Further information on research at the department can be found on the respective faculty pages.

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Photo: Giorgi Astamadze

After the October Revolution in Russia, Georgia took the path to independence. The German Empire became an ally of the new state in May 1918. In the Georgian republic, which had grown up on the ruins of the October Revolution, Germany was seen as the representative of European civilization. Georgian nationalists had been working with Germany's military authorities since 1914 to stage an insurrection against Russia in the Caucasus. After the Bolsheviks came to power in Russia, the Georgian political elite supported secession from Moscow and German military intervention in Georgia to hold back the Young Turks as well as the Bolsheviks. For Berlin, rapprochement with Tbilisi represented a prerequisite for its Orientalist aspirations. The work (2022) examines German-Georgian relations during World War I, focusing on 1918, and is published by Brill I Schöningh (link to publisher's page).

Abstract (download)

Master Theses
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Schwarzweiß-Fotografie: Großmutter der Autorin als kleines Mädchen

This master thesis (December 2022) deals with the author's own family history, based on eyewitness interviews with her grandmother, who was born in 1932, during the National Socialist era. The focus is on the family's everyday life on the Old Mark farm and the grandmother's school years. The memories of the witness are embedded in political, social and economic processes of the years 1930 - 1945. In the course of this, a look at the research field of oral history is taken. Furthermore, this master thesis explores the question of the role of generational memory, especially in connection with the experience of the Second World War, in family history. In doing so, the question is discussed to what extent family history represents a resource of contemporary history that should be preserved. (Abstract)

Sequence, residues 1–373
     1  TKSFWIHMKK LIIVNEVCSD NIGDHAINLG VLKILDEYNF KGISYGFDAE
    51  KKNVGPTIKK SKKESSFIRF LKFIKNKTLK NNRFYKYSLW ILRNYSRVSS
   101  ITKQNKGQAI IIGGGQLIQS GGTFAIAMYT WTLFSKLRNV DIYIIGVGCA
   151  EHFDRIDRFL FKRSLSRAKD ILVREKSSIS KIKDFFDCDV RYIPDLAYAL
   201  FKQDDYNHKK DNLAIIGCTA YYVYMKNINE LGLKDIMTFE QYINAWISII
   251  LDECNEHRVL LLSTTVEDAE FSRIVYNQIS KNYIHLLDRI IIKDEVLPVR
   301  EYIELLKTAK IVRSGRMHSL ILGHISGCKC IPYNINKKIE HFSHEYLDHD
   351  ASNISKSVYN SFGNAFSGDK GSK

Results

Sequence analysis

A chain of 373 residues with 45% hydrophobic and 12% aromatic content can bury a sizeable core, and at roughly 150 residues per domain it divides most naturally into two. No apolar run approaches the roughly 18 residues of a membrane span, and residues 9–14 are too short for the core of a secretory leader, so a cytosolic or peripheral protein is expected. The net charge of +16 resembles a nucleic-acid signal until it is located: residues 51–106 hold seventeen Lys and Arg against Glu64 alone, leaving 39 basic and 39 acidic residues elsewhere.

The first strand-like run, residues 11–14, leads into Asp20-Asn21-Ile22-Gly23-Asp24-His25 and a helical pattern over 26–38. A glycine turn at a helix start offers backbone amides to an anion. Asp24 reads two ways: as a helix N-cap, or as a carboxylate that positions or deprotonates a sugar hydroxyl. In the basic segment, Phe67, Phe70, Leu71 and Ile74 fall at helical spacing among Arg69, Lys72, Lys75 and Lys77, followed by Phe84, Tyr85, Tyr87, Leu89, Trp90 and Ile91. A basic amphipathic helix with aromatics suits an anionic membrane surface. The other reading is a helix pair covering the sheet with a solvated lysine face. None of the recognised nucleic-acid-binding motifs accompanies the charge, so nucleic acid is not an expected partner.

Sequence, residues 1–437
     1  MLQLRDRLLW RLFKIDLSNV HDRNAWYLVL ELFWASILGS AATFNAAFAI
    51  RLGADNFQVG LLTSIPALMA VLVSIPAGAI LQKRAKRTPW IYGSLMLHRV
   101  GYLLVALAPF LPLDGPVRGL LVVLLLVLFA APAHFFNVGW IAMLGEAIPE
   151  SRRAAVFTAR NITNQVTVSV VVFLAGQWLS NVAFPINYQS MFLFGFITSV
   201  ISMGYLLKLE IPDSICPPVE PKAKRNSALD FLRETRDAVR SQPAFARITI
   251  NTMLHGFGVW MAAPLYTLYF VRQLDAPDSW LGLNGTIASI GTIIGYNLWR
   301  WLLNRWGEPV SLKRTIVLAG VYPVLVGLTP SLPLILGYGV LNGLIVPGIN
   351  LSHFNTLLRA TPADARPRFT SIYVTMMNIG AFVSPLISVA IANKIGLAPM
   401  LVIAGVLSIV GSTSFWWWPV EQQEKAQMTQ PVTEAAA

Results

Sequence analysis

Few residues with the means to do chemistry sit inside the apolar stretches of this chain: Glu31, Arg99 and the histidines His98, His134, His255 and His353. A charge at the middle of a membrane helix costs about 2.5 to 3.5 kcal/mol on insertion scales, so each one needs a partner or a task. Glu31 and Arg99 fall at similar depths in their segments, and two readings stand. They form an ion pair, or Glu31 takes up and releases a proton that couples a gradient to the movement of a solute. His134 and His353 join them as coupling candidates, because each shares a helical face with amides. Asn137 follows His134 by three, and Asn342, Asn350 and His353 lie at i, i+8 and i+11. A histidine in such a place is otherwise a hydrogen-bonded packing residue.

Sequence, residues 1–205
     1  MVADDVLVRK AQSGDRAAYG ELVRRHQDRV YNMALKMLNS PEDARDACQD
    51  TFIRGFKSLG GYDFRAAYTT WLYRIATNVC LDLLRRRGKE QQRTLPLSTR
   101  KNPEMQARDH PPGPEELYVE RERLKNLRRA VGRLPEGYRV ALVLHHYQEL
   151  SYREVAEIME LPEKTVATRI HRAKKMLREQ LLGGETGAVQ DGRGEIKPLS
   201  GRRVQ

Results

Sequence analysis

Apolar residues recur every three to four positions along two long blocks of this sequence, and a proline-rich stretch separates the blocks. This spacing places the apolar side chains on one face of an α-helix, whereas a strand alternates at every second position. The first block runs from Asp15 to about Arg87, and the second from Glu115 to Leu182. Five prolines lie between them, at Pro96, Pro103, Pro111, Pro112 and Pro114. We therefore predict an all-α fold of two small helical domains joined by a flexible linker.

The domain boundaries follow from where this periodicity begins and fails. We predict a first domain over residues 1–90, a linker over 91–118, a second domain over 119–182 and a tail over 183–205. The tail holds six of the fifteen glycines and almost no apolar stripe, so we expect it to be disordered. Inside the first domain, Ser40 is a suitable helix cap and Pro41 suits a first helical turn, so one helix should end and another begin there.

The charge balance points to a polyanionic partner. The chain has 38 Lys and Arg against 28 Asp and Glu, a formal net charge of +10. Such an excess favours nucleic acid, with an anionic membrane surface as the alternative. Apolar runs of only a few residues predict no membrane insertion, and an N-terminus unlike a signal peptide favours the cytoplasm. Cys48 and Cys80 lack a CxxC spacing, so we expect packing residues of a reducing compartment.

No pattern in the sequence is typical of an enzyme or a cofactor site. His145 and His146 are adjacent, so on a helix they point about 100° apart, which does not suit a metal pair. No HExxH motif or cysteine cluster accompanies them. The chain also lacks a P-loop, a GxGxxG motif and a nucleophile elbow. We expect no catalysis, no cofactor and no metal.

Collection album with advertising, collection and glossy pictures, probably after 1914

This master's thesis (August 2022) uses selected objects from the collection "Kindermedienwelten" (Children's Media Worlds) of the IfaK at the Stuttgart Media University to explore the nationalization process of childhood through children's media at the time of the German Empire. With its foundation in 1871, the empire represented the apparent endpoint of a long and unsteady process of unification of German states. In the following decades, a multitude of different measures intended to serve the internal formation of the empire can be observed. Alongside approaches such as the unification of infrastructures stand attempts to construct a nation with a long history through retrospectives and visions of the future. Children appeared in this system as an integral part of the "people's power." Subsequently, this work is dedicated to the question of how the nation integrated itself into the children's room and everyday life. For this purpose, four objects from the period of the German Empire in the collection "Kindermedienwelten" were examined more closely: Issues of the magazine supplement "Im Reiche der Kinder," a Laterna magica picture series, a scrapbook, and a German Red Cross postcard. Download (2 pages)